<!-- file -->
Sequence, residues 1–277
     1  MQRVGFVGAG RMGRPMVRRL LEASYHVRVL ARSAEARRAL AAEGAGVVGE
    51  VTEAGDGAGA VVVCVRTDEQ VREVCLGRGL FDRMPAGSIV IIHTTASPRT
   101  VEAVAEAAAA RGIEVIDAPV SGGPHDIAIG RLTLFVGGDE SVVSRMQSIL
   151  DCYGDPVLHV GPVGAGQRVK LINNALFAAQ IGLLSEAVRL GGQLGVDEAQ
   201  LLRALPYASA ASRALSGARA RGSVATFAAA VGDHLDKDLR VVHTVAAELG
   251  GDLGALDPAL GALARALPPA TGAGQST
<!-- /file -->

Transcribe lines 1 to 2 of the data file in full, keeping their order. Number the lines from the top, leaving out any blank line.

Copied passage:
Sequence, residues 1–277
     1  MQRVGFVGAG RMGRPMVRRL LEASYHVRVL ARSAEARRAL AAEGAGVVGE